The aspect for individuals of our Ecosystem is the vision of empowering patients to leverage the most personal tool in their hand – the smartphone – to be more engaged in managing their health and get truly personalized medicine through genetics. Our smartphone has become the ultimate gateway for most interactions in our daily lives. Be it for finding directions, connecting with our friends and family or gathering information. In our opinion, genetics, due to its nature as each of our DNA is unique, is prone to be a key accelerator of personalized medicine. This field, paired with our most used tool today – the smartphone – allows patients conveniently to become an active part in taking care of their health and interacting with professionals in genetics and healthcare providers in the complex field of genetics.

GenomSys EcoSytem - The reuse of health data, if not genetics, then what Figure 2GenomSys EcoSystem. Connecting professionals and individuals in genetic testing more efficiently and conveniently for a future of true personalized medicine.

By Lucas Laner on July 13th, 2022.


[1] RBC Capital Markets; The healthcare data explosion (2018). https://www.rbccm.com/en/gib/healthcare/episode/the_healthcare_data_explosion
[2] David Reinsel, John Gantz, John Rydning; The Digitization of the World From Edge to Core (2018). https://www.seagate.com/files/www-content/our-story/trends/files/idc-seagate-dataage-whitepaper.pdf
[3] Nick Culbertson; The Skyrocketing Volume Of Healthcare Data Makes Privacy Imperative (2021). https://www.forbes.com/sites/forbestechcouncil/2021/08/06/the-skyrocketing-volume-of-healthcare-data-makes-privacy-imperative
[4] Deutsche Stiftung Weltbevölkerung; Soziale und demografische Daten weltweit DSW-DATENREPORT (2019). https://www.dsw.org/wp-content/uploads/2019/12/DSW-Datenreport-2019.pdf Number of inhabitants in Europe 746.4 million. The countries included in Europe: Albania, Andorra, Austria, Belarus, Belgium, Bosnia and Herzegovina, Bulgaria, Channel Islands, Croatia, Czech Republic, Denmark, Estonia, Finland, France, Germany, Greece, Hungary, Iceland, Ireland, Italy, Kosovo, Latvia, Liechtenstein, Lithuania, Luxembourg, Malta, Marino, Monaco, Montenegro, Netherlands, North Macedonia, Norway, Poland, Portugal, Republic of Moldova, Romania, Russia, San Marino, Serbia, Slovakia, Slovenia, Spain, Sweden, Switzerland, Ukraine and United Kingdom.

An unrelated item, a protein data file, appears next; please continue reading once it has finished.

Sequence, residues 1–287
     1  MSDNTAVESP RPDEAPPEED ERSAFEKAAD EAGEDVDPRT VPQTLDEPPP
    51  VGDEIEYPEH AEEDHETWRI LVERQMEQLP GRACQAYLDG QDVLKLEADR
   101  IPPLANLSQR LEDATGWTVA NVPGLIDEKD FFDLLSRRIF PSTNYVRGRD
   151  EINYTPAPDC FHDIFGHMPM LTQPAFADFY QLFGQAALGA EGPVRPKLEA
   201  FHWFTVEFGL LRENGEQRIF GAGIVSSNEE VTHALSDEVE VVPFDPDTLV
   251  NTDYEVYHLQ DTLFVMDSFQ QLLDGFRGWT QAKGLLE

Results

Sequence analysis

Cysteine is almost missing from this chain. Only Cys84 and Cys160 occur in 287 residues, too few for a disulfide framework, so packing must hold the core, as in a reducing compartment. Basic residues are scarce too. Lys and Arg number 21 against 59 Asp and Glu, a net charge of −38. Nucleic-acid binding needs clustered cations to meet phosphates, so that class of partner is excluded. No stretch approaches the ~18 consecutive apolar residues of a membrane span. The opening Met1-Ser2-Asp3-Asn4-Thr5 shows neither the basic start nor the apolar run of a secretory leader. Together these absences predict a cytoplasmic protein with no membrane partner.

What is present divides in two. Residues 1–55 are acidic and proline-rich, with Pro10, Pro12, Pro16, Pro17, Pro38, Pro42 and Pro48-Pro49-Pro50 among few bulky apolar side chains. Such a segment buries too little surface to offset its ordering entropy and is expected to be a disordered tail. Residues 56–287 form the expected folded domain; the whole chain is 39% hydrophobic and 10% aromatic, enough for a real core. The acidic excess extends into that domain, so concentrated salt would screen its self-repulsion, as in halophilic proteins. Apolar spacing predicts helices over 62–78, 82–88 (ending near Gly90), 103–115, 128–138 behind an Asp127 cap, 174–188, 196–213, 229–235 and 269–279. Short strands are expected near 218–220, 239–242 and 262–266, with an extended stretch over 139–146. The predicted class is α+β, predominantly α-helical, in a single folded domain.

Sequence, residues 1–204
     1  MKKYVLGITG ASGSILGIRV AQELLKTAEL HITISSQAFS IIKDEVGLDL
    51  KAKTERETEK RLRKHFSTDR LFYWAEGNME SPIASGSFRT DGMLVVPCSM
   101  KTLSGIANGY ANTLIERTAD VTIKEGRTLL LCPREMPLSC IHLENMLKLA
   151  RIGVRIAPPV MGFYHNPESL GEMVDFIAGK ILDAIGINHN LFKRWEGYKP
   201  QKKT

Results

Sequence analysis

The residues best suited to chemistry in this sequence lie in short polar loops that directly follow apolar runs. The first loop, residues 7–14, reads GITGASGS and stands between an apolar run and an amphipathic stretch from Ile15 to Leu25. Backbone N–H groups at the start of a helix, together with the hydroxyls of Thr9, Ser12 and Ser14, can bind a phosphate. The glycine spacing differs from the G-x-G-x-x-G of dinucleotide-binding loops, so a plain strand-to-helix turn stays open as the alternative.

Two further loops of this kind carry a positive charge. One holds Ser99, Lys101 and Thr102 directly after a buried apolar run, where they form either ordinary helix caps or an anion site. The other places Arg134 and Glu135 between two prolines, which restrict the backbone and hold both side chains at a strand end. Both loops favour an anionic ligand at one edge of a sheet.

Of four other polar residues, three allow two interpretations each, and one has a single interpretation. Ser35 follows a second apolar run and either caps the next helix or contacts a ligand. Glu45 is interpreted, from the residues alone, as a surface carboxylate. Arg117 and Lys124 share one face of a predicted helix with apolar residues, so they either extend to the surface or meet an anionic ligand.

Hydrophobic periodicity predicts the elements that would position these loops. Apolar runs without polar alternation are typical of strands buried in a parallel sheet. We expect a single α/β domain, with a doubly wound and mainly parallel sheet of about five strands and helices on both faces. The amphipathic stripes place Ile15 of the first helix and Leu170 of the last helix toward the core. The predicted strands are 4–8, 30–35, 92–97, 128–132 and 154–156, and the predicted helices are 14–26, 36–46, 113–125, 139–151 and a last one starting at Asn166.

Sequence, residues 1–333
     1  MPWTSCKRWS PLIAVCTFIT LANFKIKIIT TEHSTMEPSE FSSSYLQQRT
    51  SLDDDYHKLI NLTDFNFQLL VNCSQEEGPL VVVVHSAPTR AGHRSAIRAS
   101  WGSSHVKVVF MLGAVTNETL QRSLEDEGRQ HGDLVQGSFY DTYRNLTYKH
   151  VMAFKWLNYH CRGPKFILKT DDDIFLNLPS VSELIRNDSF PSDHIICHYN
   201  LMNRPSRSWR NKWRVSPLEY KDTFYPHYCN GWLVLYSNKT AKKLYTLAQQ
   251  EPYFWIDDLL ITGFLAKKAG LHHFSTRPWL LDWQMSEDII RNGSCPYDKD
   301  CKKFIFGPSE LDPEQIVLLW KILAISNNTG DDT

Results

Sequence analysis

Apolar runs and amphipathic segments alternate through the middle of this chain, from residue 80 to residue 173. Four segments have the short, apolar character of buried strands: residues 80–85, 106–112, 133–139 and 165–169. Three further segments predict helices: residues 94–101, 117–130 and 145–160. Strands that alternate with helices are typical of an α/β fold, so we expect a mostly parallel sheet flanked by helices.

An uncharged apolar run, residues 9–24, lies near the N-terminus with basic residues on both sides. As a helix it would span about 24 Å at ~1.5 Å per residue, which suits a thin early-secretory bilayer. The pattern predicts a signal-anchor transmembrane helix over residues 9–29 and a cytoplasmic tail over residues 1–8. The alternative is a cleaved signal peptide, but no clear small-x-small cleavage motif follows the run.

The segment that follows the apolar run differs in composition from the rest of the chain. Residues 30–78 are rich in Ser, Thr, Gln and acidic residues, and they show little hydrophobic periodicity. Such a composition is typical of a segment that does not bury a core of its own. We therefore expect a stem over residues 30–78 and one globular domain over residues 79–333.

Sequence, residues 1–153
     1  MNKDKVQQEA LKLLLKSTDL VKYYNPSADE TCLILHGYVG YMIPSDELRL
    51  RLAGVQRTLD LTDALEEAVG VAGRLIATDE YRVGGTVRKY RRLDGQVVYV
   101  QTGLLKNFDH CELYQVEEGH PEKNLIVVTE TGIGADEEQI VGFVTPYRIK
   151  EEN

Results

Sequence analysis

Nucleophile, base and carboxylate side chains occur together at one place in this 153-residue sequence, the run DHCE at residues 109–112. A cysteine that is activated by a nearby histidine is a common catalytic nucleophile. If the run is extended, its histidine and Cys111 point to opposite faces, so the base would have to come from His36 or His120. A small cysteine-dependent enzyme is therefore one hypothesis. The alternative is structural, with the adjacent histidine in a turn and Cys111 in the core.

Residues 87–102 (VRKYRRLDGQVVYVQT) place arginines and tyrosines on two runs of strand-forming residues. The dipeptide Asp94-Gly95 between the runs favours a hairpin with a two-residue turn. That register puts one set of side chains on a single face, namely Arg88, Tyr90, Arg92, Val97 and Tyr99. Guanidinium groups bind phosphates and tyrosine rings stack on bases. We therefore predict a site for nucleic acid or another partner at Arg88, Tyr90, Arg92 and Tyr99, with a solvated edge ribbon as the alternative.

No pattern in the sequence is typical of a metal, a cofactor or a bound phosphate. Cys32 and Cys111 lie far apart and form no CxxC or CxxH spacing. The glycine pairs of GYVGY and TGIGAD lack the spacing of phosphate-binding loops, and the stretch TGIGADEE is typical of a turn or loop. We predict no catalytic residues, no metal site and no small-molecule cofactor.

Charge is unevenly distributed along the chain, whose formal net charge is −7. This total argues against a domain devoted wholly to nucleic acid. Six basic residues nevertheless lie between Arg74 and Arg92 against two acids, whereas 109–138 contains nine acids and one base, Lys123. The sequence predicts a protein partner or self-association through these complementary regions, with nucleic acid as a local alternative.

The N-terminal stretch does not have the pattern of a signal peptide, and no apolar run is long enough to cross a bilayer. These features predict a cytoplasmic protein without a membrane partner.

[5] Statista Research Department; Volume of data/information created, captured, copied, and consumed worldwide from 2010 to 2025 (2021). https://www.statista.com/statistics/871513/worldwide-data-created/
[6] Dr. Hans Christian Müller; Gesundheitsdaten – Ausgangspunkt für eine lernende Gesundheitsversorgung (2021). https://www.handelsblatt.com/downloads/27790440/1/gesundheitsdaten.pdf
[7] European Comission; Questions and answers – EU Health: European Health Data Space (EHDS) (2022). https://ec.europa.eu/commission/presscorner/detail/en/QANDA_22_2712
[8]C. Safran; Update on Data Reuse in Health Care (2017). https://www.thieme-connect.com/products/ejournals/html/10.15265/IY-2017-013
[9] HealthIT.gov; What is an electronic health record (EHR)? (2019) https://www.healthit.gov/faq/what-electronic-health-record-ehr
[10] National Human Genome Research Institute; Genomic Data Science (2022). https://www.genome.gov/about-genomics/fact-sheets/Genomic-Data-Science
[11] Matthias Janson; 2020 überholt die Cloud lokale Speichermedien (2019). https://de.statista.com/infografik/18231/cloud-vs-lokaler-speicher/
[12] Niklas Krumm, Noah Hoffman, Practical estimation of cloud storage costs for clinical genomic data, Practical Laboratory Medicine, Volume 21, 2020, e00168, ISSN 2352-5517, https://doi.org/10.1016/j.plabm.2020.e00168.
[13] Michael Schroeder; How hospitals are breaking down data silos to improve patient care (2022). https://medcitynews.com/2022/05/how-hospitals-are-breaking-down-data-silos-to-improve-patient-care/
[14] Cheng A, Guzman CEV, Duffield TC, Hofkamp H. Advancing Telemedicine Within Family Medicine’s Core Values. Telemed J E Health. 2021 Feb;27(2):121-123. doi: 10.1089/tmj.2020.0282. Epub 2020 Jul 28. PMID: 32744897; PMCID: PMC7888289.